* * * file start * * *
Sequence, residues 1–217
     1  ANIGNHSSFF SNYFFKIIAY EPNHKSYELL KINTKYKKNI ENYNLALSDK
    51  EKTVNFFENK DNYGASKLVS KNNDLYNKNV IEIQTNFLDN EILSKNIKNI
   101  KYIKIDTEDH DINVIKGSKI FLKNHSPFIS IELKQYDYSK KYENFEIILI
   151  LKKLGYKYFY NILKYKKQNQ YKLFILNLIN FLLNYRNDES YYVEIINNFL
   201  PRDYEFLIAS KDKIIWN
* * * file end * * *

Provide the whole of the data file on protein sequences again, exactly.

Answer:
Sequence, residues 1–217
     1  ANIGNHSSFF SNYFFKIIAY EPNHKSYELL KINTKYKKNI ENYNLALSDK
    51  EKTVNFFENK DNYGASKLVS KNNDLYNKNV IEIQTNFLDN EILSKNIKNI
   101  KYIKIDTEDH DINVIKGSKI FLKNHSPFIS IELKQYDYSK KYENFEIILI
   151  LKKLGYKYFY NILKYKKQNQ YKLFILNLIN FLLNYRNDES YYVEIINNFL
   201  PRDYEFLIAS KDKIIWN